Somatic Embryogenesis (SE) in conifers: a powerful research tool and a method to capture genetic gains from the breeding programs
The demand for wood and wood-based products is increasing globally.At the same time, the land base available for forest trees is decreasing.The need to improve the productivity of forests is therefore urgent, especially in the northern hemisphere where growth and yields are low compared to southern hemisphere plantation forests. In order to meet the demands on future forests for higher productivity and also for higher adaptability for cli- mate change, it is necessary to capture the genetic gains from the breeding programs.This can only be done by large-scale clonal propagation of Elite trees selected from the breeding programs. For spruce and other conifers, Somatic Embryogenesis is the only method that has the potential for clonal propagation to su ciently large numbers of Elite trees for planting. For cost e ective SE-plant production, it is however necessary to use au- tomated methods. Such methods has recently been demonstrated to also be bene cial for research purposes and an automated instrument for SE research will soon be available at UPSC.Somatic Embryogenesis (SE) is an in vitro based method that can be used for multiplication of valuable seeds, of commercial value or for conservation purposes. SE is also a valuable tool in fundamental research projects to study embryo development. The basic SE-process of conifers is summarized in the gure.
My research interest is to understand and explain the dif- ferent processes that regulate development of conifer embryos. To establish a basic understanding for the di erent metabolic processes required for ‘normal’ embryo development to take place, we have studied the metabolic pro les of di erent cell lines of Norway spruce that have di erent capacity to develop into plants.The results indicate the importance of desiccation tolerance during the later stages of embryo development, and suggests key functions for di erent types of carbohydrates.To further understand what speci cally a ects the development of somatic embryos in vitro, we have studied the e ects of shear stress that can be sensed by somatic embryos in liquid suspen- sion cultures. We found that it a ects both the earliest stages of multiplication of pro-embryogenic masses and the maturation of embryos, and that the e ect is cell-speci c. This suggests that there are mechanism(s) that can transfer the signal from external mechanical stimuli to the intracellular space.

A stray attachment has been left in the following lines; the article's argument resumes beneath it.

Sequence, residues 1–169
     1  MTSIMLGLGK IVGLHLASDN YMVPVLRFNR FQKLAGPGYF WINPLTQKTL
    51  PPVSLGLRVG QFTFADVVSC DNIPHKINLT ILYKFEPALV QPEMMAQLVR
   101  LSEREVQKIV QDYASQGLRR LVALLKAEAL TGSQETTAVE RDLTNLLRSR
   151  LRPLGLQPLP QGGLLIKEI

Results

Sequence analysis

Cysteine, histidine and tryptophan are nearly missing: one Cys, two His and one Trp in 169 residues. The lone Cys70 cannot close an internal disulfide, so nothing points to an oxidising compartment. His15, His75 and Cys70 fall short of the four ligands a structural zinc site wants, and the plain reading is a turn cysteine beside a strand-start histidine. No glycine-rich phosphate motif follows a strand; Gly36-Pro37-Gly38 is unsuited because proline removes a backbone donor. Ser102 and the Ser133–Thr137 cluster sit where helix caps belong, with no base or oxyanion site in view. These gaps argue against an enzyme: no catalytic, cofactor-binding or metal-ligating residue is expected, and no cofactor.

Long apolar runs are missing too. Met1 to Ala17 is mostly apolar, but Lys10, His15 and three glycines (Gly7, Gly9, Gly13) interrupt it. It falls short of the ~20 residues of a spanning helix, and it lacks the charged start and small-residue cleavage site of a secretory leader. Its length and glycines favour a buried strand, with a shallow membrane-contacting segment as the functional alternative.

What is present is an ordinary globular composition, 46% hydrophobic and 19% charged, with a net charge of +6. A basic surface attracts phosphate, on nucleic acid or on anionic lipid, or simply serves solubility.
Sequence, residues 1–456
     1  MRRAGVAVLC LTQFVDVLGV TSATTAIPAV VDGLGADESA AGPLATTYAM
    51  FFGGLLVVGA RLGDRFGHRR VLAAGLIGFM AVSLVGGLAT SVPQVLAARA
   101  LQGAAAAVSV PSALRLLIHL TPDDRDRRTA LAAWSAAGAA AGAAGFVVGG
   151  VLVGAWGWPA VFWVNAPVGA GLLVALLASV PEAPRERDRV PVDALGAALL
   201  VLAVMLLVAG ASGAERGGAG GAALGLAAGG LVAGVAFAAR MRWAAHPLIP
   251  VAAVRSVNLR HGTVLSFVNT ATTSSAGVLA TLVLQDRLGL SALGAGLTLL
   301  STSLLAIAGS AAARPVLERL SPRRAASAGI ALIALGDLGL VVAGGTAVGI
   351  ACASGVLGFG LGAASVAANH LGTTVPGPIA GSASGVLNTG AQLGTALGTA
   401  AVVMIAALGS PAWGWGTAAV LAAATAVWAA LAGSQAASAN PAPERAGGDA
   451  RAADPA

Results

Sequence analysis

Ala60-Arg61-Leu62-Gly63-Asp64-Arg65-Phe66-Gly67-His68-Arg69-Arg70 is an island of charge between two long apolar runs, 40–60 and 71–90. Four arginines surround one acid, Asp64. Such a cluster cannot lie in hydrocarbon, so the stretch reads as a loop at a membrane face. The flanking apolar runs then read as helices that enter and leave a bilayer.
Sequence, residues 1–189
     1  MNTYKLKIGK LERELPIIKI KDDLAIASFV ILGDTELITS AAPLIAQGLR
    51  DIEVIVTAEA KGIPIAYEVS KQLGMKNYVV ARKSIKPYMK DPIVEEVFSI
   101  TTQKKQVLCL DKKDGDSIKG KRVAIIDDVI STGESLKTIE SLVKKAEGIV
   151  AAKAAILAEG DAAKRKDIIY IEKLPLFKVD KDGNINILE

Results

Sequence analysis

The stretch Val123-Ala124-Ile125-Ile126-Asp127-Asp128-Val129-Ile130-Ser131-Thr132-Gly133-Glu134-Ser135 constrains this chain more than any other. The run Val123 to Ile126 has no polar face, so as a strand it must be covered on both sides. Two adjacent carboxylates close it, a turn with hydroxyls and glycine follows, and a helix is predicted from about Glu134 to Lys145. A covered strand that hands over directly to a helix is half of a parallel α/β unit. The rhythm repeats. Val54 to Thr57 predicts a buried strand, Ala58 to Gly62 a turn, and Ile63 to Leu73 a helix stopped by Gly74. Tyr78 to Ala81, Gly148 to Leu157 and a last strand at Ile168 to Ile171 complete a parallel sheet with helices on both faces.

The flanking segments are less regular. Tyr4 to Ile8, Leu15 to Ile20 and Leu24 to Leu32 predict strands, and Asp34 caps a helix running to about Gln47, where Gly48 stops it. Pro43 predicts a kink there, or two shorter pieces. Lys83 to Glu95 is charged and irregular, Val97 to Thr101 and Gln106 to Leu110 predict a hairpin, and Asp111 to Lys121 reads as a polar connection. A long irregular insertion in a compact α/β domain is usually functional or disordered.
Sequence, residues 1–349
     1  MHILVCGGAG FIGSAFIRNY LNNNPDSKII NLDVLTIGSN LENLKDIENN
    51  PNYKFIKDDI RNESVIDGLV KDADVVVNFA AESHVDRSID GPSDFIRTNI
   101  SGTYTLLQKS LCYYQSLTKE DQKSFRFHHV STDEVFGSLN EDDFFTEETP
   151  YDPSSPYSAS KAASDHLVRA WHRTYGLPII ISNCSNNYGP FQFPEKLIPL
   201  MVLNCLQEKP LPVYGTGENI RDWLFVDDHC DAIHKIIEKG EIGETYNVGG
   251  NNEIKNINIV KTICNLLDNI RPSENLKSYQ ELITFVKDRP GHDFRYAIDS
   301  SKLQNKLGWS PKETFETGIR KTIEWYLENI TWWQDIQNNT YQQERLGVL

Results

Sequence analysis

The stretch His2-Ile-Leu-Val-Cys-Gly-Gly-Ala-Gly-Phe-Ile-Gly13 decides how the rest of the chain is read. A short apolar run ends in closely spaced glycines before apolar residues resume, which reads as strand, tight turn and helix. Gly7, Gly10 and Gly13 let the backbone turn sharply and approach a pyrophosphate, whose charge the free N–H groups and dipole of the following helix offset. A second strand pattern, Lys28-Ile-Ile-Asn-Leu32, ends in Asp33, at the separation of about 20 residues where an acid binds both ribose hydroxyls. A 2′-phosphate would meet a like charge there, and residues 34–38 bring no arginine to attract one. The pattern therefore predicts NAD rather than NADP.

Somatic embryogenesis in conifers is started from zygotic embryos (in the seeds). Somatic embryos protrude from the hypocotyl region of the zygotic embryo (ZE) forming a mass of embryogenic culture (EC) in response to auxin and cytokinin. The embryogenic culture can be isolated and will continue to multiply indefinitely when maintained on the same composition culture medium. Maturation of the embryos is induced by ABA. The mature embryos can then germinate and then be transferred to non-sterile conditions for further establishment of a plant..
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- Businge E, Brackmann K, Moritz T, Egertsdotter U. (2011). Metabolite profiling reveals clear metabolic changes during somatic embryo development of Norway spruce (Picea abies). Tree Physiology 32(2): 232-244.
- Lara-Chavez, A., Flinn, B.S., Egertsdotter, U. (2011). Initiation of somatic embryogenesis from immature zygotic embryos of Oocarpa pine (Pinus oocarpa Schiede ex Schlectendal). Tree Physiology. 31(52): 539-554.
- Sun H, Aidun C K, Egertsdotter E-M U. (2010). Effects from shear stress on morphology and growth of early stages of Norway spruce somatic embryos. Biotechnology and Bioengineering 105(3): 588- 599.